One has just been sent out as a biblical dove, has found nothing green, and slips back
into the darkness of the ark -- Kafka

Wednesday, November 30, 2016

Chateaubriand on Religious Thinking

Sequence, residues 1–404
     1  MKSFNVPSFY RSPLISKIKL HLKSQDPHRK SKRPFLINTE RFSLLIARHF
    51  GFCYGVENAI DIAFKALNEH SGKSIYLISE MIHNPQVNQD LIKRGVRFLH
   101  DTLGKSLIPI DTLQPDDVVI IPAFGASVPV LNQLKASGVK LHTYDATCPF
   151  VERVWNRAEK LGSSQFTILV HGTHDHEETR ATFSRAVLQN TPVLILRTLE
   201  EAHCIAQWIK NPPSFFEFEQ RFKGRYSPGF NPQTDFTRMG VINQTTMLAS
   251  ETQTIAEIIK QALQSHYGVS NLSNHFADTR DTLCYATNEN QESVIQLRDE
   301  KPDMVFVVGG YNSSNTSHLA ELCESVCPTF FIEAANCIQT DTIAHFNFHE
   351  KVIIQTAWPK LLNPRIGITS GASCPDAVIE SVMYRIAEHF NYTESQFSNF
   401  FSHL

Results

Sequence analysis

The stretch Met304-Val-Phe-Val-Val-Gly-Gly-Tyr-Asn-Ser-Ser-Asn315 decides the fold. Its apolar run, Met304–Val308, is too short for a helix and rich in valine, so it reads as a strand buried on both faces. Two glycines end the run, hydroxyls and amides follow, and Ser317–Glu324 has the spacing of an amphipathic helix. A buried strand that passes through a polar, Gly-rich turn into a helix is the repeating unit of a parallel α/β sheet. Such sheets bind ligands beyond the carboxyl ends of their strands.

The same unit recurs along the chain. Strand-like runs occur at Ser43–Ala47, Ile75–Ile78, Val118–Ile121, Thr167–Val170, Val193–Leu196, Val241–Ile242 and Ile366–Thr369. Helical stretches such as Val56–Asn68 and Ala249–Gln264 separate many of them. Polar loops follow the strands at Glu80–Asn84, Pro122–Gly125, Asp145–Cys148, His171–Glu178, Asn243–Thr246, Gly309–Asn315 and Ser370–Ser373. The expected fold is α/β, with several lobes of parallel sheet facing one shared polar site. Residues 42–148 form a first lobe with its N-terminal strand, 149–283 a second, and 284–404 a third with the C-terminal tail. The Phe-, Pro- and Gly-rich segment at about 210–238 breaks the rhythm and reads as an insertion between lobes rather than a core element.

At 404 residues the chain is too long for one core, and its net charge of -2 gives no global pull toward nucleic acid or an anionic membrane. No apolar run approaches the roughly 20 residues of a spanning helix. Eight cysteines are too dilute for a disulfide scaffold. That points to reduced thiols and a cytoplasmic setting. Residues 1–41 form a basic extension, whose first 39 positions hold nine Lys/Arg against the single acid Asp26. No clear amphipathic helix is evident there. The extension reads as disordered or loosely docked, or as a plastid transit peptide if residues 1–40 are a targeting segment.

I struck a bargain with a captain called Desjardins: he had to carry the Abbé Nagot, Superior of the Saint-Sulpice Seminary, to Baltimore, with several seminarists in their principal’s care. These companions on the voyage would have been more to my liking four years earlier: from being the zealous Christian I once was, I had become a free thinker, that is to say a feeble thinker. This change in my religious opinions had been brought about by reading philosophical works. I believed, in all good faith, that a religious mind was partially paralysed, that there were truths which would not occur to it, however superior it might be otherwise. This smug pride led me astray: I inferred in the religious mind the absence of a faculty which is found precisely in the philosophic mind; a limited intelligence thinks it sees all, because it opens its eyes wide; a superior intelligence consents to close its eyes because it sees all within. One final thing completed my misery: the groundless despair I carried in my heart’s depths.
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